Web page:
He was an attorney and an MBA with sporty online photos: in scuba gear, on a mountaintop, smiling on the sea and clinging to the sky. He was tall and Jewish. I’d been dating him for years.
We live in the same neighborhood and met at a wine bar where the men are dressed in navy and the women all have shiny hair and wear jewelry on their shoes. Professionally, he keeps CEOs out of jail, negotiating settlements so Wall Street can remain too badass to fail. His hours were long, his pay incredible.
Praetorian: Your profile says you’re a scuba diver, too?
Me: I’m a Divemaster, even. It’s my only professional qualification.
Praetorian: I was just in Tubbataha for two weeks on a live-aboard. It was amazing.
Translation: I take $15,000 holidays.
I once made a career taking vacations for men like him. I specialized in writing about the rare, wonderful places to defy death — or die — for a price. I asked him about his work, but he only wanted to talk travel.
Praetorian: I summited Chimborazo.
Me: I don’t love climbing. I hate being cold. And altitude.
Praetorian: I know, right? I get two weeks off, and I spend it out of breath, unable to sleep.
Me: With a migraine and a bunch of white dudes.
Praetorian: All my evenings and weekends are spent running up and down my back stairs with weights in my backpack. It’s crazy, right?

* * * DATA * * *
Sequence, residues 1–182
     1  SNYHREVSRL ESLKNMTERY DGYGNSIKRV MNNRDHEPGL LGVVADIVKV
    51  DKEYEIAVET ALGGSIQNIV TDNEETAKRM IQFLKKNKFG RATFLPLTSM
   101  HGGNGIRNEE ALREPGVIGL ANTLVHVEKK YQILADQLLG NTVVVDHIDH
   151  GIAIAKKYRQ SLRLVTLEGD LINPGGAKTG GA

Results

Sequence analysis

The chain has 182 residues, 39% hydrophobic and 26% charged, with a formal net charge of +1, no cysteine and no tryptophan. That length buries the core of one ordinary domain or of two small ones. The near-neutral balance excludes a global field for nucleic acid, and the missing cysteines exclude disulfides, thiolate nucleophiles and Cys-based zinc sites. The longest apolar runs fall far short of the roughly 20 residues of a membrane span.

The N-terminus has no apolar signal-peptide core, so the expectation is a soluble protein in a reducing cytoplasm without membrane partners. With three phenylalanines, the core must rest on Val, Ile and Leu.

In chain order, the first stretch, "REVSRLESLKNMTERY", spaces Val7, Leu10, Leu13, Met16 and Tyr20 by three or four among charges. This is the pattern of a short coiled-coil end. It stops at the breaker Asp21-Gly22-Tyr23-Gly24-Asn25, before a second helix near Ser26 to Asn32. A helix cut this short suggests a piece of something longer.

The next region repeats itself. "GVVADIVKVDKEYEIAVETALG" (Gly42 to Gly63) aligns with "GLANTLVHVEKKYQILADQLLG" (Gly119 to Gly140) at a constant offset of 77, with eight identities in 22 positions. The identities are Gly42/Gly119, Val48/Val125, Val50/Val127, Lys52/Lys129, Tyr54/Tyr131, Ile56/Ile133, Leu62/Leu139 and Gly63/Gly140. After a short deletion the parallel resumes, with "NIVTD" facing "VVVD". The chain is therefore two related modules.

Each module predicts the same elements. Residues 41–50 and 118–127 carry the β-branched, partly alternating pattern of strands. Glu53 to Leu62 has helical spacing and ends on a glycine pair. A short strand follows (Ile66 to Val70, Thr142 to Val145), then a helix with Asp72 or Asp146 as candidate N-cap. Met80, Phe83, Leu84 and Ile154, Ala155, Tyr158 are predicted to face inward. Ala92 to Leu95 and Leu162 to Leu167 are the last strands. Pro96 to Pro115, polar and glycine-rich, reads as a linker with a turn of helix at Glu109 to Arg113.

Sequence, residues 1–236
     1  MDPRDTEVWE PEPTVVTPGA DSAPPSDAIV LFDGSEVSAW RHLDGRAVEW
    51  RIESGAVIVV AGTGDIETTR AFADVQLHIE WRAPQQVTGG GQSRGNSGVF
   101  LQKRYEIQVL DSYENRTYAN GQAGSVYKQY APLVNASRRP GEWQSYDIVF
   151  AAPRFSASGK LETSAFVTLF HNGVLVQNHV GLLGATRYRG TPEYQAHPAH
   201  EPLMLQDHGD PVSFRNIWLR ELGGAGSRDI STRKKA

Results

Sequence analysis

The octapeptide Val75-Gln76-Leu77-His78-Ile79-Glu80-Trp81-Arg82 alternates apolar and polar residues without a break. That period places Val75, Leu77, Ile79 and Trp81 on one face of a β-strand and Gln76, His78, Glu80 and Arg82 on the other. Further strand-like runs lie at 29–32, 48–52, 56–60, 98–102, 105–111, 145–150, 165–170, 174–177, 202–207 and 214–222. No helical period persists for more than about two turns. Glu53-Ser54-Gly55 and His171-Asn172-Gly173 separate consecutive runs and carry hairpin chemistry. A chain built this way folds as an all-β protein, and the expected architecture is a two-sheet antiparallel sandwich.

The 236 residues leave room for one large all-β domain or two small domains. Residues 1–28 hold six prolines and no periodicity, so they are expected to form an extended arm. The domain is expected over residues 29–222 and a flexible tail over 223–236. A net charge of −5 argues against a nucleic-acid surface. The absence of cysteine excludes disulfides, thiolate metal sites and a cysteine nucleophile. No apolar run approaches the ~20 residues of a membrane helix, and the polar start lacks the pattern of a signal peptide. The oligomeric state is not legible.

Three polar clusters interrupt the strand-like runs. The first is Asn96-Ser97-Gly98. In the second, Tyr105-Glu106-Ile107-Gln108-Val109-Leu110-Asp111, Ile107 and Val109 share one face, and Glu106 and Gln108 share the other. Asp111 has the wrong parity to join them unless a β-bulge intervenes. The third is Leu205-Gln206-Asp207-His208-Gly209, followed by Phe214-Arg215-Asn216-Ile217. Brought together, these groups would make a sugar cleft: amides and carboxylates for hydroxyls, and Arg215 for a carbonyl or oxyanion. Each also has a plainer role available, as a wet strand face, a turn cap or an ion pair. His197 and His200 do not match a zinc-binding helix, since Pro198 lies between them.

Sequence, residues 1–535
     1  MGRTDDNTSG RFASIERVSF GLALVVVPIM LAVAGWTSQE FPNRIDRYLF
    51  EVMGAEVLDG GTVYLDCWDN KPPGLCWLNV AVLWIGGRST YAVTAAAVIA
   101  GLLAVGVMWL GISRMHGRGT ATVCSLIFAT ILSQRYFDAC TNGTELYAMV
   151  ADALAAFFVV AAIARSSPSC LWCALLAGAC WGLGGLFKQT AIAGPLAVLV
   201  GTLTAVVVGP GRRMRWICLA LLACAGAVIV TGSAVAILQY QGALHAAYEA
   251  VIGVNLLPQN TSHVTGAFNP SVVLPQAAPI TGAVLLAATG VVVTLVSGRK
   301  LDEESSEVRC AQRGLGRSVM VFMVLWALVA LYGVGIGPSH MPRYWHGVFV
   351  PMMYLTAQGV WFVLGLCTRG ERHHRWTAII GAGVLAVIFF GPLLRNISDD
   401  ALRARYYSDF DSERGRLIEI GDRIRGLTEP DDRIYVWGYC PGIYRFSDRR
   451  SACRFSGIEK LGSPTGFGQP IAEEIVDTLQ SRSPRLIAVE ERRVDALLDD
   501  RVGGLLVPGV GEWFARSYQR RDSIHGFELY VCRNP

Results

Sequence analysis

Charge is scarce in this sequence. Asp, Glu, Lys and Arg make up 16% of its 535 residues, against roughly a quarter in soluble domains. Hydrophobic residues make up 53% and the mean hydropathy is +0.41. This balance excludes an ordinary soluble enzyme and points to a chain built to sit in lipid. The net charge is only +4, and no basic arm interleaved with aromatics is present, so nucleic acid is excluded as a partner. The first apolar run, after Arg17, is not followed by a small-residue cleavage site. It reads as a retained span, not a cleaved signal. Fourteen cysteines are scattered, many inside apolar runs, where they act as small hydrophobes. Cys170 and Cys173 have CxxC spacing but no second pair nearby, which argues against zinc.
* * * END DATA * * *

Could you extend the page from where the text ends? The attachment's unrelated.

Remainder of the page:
New York has an endless supply of Praetorian Guardsmen. They are competitive collectors of wine or girlfriends or art. This one was a champion traveler, racking up trips like scout badges. If a destination has bragging rights, he goes.
Praetorian: I’m running the Antarctica Marathon this year. Do you run?
Me: When I’m being chased.
Praetorian: There’s this book you have to read that will make you want to run, I promise. It will change your life.
Me: Was it written by Jane Austen?
Praetorian: It’s called Born To Run, and it’s going to make you realize you were actually born to run.
Me: I’ve read it. I like walking.
I could play the travel game, but I hate it. I’m trying to settle down long enough to live happily ever after. I’ve hung up my luggage and surrendered my elite status. I’m parked.
Also, the game is boring.
He found my professional itinerancy enchanting. The Praetorian was not-so-accidentally touching me, fingering the fringe of my skirt, not-so-far from my thigh. Couldn’t I swoon at the stamps in his passport for him?
It is tedious being the person a date wants me to be when I am not actually her.
Praetorian: Your job sounds amazing.
Me: It can be. It’s in transition.
Praetorian: I hate my work.
Me: I know.
For his sake, I faked the part of the vagabond blond in the vineyard of boredom until the end of my pinotage. He needed to have a nice night, and I needed to be kind. But I wouldn’t do it twice.
I’ve come to a point where being on the road is a way to get nowhere at all. I want to move forward, to enjoy where I am and someone I’m with.